This kind of advice automatically assumes that all work in the home is demoralizing and all work outside the home is fulfilling. IT’S NOT.

The fact of the matter is that very, very, VERY few jobs are inherently fulfilling on a daily basis, motherhood included (though I believe and hope that ultimately, motherhood will be the most fulfilling occupation I could devote myself to). Most people I know, at least from time to time, feel like Sisyphus in their jobs—mothers, teachers, loan document specialists, production managers, nurses, web content developers, accountants, social workers, et cetera, et cetera, et cetera.

While yes, some people find a measure of fulfillment in the fact that their work is rewarded verbally or monetarily, I think that in the end, fulfillment does not come from external sources.

stepping_stonesFulfillment comes from within us. That’s kind of the underlying point of a lot of the steps to fulfillment that I’ve been working on. Fulfillment is rooted in recognizing the good moments and being content with our lives.

If I can’t be content with my (already quite stressed, thank you very much) life as a stay-at-home mom, why would working outside the home, adding more stress and increasing the pressure on me to influence, appreciate, guide, discipline and most of all show my love for my children in a fraction of the time, suddenly make me more fulfilled?

Yes, I know that some mothers do truly enjoy working outside the home and do truly feel like better mothers because of this. But just like staying at home doesn’t work for every mother, another mother’s ability/need/appreciation of working outside the home doesn’t mean it’s right for everyone, no, not even every mother who struggles with motherhood (and, honestly, who doesn’t struggle from time to time?).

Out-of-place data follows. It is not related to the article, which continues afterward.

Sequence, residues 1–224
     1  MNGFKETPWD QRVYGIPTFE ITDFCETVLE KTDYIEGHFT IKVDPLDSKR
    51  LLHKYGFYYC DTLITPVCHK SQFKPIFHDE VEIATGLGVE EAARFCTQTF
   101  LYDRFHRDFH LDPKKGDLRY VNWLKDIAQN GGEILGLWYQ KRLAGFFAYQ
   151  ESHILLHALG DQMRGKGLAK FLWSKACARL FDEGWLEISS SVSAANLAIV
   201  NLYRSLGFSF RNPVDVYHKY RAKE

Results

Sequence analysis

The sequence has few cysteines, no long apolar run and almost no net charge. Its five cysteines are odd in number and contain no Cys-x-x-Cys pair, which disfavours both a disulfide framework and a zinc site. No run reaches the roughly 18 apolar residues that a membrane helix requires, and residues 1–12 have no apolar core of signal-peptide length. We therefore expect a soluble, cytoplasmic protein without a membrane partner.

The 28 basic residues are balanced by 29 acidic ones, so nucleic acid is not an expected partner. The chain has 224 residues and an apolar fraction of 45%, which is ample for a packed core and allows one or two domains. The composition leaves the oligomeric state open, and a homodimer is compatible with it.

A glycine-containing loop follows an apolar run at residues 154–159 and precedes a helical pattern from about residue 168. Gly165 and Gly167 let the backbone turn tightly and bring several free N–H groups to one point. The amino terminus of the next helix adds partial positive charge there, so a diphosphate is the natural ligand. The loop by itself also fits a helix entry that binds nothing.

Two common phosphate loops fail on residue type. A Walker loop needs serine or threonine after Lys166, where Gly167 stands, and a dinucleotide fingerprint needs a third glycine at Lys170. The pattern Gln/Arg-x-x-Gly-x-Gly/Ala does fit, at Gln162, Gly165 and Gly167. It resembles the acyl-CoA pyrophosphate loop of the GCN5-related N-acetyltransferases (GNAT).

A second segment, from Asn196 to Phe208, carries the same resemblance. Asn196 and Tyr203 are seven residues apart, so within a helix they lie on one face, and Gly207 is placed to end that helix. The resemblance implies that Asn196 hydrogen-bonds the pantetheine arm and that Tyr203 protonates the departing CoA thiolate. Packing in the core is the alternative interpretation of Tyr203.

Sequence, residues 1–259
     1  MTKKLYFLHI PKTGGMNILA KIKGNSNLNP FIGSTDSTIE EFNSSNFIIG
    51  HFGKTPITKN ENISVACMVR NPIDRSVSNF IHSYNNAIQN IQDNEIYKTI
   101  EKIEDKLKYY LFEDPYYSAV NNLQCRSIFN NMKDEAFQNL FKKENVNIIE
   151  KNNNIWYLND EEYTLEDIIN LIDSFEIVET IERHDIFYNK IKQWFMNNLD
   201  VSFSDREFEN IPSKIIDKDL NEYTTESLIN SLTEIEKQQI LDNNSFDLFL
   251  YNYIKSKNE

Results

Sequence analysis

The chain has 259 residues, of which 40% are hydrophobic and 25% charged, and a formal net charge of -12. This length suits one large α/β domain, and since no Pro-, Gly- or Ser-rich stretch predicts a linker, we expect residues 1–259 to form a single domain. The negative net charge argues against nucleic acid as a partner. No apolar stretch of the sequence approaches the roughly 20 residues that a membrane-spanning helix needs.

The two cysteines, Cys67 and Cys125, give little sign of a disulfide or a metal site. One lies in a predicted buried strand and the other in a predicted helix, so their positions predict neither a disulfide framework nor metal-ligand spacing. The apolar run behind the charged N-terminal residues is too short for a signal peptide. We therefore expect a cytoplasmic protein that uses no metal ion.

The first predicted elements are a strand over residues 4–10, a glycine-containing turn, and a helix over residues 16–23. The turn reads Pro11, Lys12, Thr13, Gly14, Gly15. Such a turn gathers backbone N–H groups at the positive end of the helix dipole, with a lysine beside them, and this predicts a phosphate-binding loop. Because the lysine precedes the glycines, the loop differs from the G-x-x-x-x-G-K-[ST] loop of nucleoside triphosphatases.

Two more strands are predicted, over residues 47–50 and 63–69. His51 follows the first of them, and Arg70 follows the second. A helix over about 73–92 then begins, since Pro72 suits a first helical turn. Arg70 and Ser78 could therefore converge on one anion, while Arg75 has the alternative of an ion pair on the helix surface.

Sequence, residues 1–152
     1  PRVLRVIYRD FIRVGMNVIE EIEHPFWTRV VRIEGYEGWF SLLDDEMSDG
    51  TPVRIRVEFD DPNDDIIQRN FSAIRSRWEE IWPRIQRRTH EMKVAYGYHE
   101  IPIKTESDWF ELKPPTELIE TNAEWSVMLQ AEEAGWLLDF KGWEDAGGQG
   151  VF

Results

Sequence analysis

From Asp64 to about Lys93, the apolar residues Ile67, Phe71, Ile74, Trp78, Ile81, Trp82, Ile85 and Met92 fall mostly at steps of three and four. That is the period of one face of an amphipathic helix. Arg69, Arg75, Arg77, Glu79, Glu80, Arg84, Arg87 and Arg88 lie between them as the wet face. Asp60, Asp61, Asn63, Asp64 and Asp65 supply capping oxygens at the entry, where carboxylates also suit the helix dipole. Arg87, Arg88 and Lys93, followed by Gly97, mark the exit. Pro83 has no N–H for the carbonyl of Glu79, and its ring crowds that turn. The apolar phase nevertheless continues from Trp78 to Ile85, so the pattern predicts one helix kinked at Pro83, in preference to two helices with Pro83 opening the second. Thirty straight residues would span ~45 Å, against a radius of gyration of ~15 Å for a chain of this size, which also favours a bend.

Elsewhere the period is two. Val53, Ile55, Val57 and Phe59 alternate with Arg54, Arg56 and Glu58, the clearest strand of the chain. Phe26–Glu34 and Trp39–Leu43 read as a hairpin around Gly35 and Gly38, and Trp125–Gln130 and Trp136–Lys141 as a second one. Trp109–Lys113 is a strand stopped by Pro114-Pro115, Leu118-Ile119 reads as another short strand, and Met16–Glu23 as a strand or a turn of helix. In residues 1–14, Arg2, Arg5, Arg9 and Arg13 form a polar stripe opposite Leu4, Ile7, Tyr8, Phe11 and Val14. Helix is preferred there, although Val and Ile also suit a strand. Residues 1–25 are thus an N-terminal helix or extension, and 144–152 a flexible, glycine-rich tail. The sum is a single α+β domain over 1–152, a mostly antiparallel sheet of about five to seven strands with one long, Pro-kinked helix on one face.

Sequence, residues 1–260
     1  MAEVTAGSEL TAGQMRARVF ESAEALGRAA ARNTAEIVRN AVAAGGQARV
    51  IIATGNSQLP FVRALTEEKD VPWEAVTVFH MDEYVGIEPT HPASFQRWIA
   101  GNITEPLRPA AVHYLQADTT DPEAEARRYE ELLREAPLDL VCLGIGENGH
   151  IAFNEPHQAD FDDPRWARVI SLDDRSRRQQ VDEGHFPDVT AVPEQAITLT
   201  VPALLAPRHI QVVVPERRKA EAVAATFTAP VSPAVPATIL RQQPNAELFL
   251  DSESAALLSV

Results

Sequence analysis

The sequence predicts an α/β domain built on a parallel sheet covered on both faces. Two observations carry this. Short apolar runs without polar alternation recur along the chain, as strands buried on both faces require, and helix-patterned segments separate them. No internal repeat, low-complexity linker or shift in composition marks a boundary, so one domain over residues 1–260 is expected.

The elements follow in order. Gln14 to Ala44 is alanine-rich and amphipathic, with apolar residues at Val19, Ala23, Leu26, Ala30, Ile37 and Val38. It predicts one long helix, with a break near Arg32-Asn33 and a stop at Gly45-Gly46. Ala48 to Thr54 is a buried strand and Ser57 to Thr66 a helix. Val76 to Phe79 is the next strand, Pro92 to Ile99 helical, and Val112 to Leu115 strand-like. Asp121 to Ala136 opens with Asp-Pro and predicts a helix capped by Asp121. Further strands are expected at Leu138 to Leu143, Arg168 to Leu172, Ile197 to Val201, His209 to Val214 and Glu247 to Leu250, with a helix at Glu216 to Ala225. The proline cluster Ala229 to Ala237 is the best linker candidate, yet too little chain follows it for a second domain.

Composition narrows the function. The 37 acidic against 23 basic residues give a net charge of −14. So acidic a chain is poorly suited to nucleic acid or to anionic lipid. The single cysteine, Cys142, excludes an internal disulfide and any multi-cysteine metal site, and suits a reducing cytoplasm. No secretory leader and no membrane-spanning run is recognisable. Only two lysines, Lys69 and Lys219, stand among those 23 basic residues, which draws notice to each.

The first step to fulfillment—as a mom, as a working mother, as a human—is learning to be content with our season in life.

What do you think?

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Mommy Wars: the truth

Dear Mothers who Work Outside the Home,

I don’t work outside the home. Sometimes, I frown upon your choice to leave your children for much of their waking hours (with exception, of course, for those who have to support their families).

But a lot of the time, I’m just jealous.

Now, I can only speak for myself. But after a long week of what feels like constant fighting with my toddler and constant feedings for my baby, I can’t help but look at the women who have a reason to get dressed every day with jealousy.